Magnificent Obsession | Carol Schmitz

Carol Schmitz

Santa Barbara, CA


Carol Schmitz

What kind of artwork do you collect? I began my collection by purchasing landscapes, seascapes, and still lifes. I probably would have continued in this vein if I had not become aware of the allure of figurative art. I started attending art exhibitions focused on figurative art. In my own community, Waterhouse Gallery offers an annual figurative show, and I finally attended one. It was not long before I was purchasing figurative works.

How would you describe your approach to collecting? First of all, I have to fall in love with the canvas. That’s the beginning of the story. I then fall in love with the language between the artist and collector. I find myself asking questions about the artist’s works, such as: Why did the artist select this subject? How has he revealed the subject’s uniqueness? What is my emotional response to the subject?

How many pieces have you acquired over the years? About 35.

How long have you been collecting? Five years.

How did you get started? When I moved to Santa Barbara, I knew no one. So when a neighbor invited me to join her for lunch, I happily agreed. We went to Sullivan Goss, a gallery and restaurant. I was enchanted by everything I saw. By the conclusion of our lunch, I had fallen in love with a small canvas in the corner of the room. The style and color reminded me of one of my favorite paintings by Thomas Eakins that hung in a Los Angeles museum. I knew I had to have the one at Sullivan Goss. I planned to hang it in my library. I would learn that the painting was by Colin Campbell Cooper. Thus, my new love was born, and that was the first piece I purchased. The painting did not go into my library because the books were donated to the local university. I had ceased being a book collector. My new passion was art.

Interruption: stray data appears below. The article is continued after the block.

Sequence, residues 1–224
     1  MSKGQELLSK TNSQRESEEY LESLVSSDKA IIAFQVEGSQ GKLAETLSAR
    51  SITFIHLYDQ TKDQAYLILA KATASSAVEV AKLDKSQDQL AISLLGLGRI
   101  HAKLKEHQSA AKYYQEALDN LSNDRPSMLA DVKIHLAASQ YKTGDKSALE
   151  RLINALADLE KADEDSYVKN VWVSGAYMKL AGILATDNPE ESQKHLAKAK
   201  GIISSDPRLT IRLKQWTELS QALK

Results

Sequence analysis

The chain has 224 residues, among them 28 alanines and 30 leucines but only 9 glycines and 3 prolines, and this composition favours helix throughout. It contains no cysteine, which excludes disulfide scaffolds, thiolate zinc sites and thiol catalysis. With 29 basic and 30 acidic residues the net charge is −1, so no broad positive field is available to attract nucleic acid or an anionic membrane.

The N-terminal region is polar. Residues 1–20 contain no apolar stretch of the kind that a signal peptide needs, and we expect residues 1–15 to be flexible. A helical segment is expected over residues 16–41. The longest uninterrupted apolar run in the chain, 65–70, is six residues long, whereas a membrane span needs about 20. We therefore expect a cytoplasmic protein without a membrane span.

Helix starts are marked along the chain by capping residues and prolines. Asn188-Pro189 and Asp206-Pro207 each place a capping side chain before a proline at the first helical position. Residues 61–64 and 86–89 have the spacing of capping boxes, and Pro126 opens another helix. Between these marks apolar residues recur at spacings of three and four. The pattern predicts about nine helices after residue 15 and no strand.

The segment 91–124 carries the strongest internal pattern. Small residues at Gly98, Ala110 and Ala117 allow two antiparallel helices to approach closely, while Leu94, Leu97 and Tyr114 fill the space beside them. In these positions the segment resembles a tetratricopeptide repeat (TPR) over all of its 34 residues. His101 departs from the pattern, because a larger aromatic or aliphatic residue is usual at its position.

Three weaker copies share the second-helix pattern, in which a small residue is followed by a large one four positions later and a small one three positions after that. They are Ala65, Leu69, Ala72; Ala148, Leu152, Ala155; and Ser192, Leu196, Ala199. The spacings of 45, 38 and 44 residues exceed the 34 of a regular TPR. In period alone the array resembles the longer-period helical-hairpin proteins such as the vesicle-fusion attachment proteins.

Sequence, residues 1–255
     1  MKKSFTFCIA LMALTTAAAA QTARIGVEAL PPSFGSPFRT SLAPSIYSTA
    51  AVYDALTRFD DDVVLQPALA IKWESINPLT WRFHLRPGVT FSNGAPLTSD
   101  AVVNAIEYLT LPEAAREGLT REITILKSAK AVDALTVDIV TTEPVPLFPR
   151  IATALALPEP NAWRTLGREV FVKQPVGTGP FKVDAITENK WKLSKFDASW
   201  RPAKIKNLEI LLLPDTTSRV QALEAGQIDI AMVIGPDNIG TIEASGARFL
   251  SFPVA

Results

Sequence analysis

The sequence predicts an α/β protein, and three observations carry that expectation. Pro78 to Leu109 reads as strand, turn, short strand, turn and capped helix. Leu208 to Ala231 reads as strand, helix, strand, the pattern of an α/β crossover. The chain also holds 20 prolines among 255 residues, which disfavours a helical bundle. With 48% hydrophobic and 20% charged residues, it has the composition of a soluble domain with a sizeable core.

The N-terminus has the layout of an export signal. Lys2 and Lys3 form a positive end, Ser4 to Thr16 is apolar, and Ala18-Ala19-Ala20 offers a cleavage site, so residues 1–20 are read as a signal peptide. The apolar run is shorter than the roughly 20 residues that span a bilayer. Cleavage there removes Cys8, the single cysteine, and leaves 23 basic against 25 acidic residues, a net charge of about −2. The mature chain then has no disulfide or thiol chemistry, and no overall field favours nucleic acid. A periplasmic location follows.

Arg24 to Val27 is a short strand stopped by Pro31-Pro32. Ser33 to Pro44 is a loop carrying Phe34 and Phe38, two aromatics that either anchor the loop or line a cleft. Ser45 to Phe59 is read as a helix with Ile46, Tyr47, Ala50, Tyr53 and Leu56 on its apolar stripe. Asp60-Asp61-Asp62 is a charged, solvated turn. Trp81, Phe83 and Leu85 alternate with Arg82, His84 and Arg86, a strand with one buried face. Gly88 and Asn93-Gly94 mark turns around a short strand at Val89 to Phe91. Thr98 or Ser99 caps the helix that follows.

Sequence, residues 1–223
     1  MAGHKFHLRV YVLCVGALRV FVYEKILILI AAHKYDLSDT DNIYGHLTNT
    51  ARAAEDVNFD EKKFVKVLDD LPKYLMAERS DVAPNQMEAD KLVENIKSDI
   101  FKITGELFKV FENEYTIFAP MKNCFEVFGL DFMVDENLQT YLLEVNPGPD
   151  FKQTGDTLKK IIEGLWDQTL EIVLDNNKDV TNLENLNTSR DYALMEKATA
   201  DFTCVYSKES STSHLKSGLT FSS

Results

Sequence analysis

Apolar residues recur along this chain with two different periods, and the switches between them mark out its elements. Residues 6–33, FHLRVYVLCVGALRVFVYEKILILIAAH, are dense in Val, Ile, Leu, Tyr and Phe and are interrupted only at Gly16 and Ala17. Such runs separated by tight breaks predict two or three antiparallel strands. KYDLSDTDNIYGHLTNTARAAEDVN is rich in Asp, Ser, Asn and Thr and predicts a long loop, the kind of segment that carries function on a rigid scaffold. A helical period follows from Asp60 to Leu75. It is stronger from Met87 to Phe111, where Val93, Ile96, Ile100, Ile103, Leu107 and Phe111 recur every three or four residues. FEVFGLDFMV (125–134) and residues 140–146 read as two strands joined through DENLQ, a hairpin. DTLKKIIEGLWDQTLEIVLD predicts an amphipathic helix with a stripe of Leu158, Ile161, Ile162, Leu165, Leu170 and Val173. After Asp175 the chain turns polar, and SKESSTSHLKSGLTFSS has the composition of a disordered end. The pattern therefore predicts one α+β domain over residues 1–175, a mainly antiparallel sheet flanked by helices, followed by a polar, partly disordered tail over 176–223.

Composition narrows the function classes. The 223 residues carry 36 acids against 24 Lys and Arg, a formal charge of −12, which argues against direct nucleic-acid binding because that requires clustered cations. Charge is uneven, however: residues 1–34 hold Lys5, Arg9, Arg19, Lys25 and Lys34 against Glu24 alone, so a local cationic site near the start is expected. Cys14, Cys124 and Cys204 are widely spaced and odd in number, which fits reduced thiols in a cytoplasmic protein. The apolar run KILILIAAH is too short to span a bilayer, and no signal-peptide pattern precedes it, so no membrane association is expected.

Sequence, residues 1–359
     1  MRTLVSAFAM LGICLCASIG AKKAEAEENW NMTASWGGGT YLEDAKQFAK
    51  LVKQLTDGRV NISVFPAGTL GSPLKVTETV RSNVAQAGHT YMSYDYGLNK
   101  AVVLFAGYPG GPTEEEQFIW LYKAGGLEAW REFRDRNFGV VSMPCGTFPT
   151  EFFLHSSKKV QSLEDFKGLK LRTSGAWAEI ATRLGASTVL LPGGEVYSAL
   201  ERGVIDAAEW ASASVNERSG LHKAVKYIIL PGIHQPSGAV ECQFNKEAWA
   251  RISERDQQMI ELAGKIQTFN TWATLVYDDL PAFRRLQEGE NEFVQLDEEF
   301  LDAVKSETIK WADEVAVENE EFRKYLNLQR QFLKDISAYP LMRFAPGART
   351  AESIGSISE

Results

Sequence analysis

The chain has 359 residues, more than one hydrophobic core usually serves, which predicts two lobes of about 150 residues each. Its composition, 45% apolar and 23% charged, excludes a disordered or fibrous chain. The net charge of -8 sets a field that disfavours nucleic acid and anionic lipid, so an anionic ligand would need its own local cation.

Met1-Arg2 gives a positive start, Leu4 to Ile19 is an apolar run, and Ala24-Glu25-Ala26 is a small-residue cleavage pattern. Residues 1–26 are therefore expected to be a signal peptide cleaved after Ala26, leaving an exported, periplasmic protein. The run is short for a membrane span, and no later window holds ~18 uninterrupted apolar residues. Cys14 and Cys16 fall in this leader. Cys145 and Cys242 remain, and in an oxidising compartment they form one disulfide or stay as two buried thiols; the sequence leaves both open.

What’s your most recent acquisition? CLOSING FOR THE DAY by Thalia Stratton.

What’s on your wish list for the future? Nothing. I plod along and see as I go. I find most of my treasures at Waterhouse Gallery. So, I try to stay out of there.

What piece do visitors comment on the most? I find most of my friends love the one I love the best, CHOICES by Joseph Todorovitch. It tells a wonderful story. The expression on the young girl’s face, beautifully rendered, reveals her reaction to her mother’s hat—wonderment, doubt, and curiosity. Todorovich has captured all this in her profile.